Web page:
Skip to main content


I could *very* easily see us living this lifestyle to a lesser degree if I weren't prone to giving stuff away when we're all done with it. D likes to save Cool-Whip containers, pickle jars, peanut butter jars, empty pill jars and ... about everything you can think of because "we might need it" and it's "useful." I honest-to-goodness have found uses for about everything. Yes, we use ice cream buckets to separate toys, and we have bunches of them. It's helpful to organize our toys that way.

But now he's bringing recyclables home from work because it upsets him to see people just throw their lunch leftovers away. It's not being a good steward. Arg. We have a 60-gallon container we've stuck INTO the little recycling container the trash company gives us... and it's FULL each week. He collects hundreds of yogurt jars, each carefully washed, and expects me to find a good use for them. Ok. We use them to paint with ... but we don't paint quite so often that we can use hundreds... so I am left sending my children to school with these yogurt containers. They don't recycle them (I think they're number four and our recycling only does 1 and 2), so the preschool, junior high and high school are well-supplied with these. They ARE useful. But it just drives me nuts. We have to save every container AND its lid because... it might be useful.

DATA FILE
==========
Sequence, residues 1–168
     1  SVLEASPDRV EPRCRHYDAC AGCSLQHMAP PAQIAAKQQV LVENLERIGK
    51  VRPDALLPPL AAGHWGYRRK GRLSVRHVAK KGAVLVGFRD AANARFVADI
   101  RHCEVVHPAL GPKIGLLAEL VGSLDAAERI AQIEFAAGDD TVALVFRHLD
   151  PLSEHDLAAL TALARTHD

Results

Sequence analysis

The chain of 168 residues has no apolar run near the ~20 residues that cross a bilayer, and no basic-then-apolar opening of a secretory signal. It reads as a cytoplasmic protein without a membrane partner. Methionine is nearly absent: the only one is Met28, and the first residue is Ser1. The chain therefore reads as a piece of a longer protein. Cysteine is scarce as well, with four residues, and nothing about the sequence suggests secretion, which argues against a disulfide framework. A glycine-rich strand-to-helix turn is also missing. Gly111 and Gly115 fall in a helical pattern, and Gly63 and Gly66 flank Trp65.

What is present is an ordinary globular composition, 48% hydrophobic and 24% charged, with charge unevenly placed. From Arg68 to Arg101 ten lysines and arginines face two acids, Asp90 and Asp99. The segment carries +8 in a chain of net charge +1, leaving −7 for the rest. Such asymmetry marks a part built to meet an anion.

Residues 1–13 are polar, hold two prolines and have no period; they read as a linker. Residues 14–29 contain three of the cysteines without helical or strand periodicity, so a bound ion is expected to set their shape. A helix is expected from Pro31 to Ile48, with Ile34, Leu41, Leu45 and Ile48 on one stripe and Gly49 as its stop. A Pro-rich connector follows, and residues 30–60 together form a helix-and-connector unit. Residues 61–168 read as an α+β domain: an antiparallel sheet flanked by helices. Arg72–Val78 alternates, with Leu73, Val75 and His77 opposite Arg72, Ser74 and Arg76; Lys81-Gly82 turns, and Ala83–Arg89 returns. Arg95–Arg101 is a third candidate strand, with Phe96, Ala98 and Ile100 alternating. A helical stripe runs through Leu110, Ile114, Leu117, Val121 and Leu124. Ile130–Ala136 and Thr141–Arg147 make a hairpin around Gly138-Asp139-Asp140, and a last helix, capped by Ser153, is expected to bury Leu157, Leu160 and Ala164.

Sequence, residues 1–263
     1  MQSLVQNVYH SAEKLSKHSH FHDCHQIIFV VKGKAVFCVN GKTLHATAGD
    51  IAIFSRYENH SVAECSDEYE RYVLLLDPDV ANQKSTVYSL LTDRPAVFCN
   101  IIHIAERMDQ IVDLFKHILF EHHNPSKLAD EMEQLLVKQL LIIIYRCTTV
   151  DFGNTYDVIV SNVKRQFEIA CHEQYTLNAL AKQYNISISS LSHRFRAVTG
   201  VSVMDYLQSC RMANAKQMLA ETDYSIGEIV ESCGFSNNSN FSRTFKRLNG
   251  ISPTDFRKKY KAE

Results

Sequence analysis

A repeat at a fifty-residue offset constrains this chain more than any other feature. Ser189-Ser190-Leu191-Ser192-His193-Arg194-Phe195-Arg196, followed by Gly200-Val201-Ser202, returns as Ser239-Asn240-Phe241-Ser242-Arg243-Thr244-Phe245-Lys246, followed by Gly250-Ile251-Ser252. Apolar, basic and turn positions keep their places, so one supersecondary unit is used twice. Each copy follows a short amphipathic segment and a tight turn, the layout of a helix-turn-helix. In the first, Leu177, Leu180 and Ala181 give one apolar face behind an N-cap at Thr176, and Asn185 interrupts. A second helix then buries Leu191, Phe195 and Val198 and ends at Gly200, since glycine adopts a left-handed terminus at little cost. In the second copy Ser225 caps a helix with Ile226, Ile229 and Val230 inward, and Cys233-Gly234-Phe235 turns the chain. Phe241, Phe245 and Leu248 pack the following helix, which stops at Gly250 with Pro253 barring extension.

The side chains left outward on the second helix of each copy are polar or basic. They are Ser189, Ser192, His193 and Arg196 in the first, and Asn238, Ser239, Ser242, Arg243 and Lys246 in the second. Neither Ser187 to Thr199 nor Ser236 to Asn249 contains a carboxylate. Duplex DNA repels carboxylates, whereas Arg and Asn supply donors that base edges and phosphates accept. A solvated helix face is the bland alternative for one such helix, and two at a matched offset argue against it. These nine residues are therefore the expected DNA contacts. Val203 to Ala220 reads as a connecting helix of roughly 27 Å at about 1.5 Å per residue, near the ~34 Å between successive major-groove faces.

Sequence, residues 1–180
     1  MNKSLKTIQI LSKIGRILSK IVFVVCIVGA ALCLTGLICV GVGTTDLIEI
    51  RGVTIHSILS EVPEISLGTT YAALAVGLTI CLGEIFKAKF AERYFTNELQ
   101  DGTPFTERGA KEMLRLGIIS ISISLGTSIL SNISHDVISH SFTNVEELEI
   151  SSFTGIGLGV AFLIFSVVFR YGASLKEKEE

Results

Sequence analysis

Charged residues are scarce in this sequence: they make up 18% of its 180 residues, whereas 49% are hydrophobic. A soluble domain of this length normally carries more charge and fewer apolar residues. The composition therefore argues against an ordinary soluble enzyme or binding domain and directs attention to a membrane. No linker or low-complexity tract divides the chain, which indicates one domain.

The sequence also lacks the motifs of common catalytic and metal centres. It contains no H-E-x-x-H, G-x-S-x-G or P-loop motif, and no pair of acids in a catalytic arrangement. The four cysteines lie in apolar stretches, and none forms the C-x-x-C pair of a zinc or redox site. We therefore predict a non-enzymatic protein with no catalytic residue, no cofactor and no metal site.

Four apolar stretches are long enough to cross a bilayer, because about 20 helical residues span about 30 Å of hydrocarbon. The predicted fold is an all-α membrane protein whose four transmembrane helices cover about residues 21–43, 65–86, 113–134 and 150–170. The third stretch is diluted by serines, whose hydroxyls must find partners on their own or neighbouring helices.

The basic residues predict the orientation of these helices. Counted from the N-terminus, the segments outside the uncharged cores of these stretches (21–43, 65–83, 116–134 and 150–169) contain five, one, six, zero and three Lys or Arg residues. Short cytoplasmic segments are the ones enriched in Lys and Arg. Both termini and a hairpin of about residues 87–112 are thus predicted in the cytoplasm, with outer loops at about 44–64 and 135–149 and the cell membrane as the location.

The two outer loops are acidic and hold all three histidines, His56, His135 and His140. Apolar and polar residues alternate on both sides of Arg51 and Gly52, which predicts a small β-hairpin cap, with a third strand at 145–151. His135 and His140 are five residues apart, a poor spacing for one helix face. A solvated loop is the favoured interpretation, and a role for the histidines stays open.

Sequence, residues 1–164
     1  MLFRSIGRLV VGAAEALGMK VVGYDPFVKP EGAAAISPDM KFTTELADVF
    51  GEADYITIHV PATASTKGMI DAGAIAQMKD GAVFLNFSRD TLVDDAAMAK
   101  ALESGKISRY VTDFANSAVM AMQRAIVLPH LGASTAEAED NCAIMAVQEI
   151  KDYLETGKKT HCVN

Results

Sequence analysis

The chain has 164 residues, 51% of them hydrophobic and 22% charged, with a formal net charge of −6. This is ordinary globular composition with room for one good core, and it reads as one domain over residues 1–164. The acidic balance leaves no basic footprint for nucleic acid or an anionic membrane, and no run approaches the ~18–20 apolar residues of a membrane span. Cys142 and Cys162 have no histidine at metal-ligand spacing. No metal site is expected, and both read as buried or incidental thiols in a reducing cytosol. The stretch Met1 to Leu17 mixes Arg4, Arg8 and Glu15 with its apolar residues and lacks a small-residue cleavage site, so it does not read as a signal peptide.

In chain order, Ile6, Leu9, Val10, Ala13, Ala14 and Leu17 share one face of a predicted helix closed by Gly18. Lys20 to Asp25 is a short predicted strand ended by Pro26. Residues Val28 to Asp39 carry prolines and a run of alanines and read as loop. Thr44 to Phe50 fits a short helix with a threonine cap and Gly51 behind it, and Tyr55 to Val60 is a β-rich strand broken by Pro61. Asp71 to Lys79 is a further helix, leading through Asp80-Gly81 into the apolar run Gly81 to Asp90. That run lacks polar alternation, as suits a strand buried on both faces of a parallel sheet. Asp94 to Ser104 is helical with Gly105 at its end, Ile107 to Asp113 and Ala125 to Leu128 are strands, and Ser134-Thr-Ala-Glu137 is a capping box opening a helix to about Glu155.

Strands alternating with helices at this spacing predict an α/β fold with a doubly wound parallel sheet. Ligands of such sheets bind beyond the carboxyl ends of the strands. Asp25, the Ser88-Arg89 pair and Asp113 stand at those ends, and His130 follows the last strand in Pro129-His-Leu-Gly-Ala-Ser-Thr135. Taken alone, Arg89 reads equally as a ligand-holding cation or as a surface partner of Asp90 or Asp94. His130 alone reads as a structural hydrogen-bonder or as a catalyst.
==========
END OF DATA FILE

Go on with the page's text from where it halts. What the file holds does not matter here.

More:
I've also saved every outfit Patrick ever wore from babyhood on because... it WILL be useful. But there is a 15-year-gap between the oldest and youngest child... so stuff sits in storage for quite some time. Imagine having the entire childhood collection of two older teens, a nine and eight-year-old, and a soon to be three-year-old because it might be useful... imagine the boxes and boxes of things... arg.

And yet, no way I'm pitching it to buy new for each kid. I have the boxes stacked and organized and dive through each season. D says I lose things this way, and sometimes I do. Suppose this 3t is really more like a 5, so you store it with the 5s... but the next kid is skinnier and uses smaller sizes, or chubbier and needs longer sizes... or you have to go through three YEARS worth of stuff, including shoes, to patch together outfits for each of the four children twice a year. I save a lot, but I miss some things with any system I rig up as well.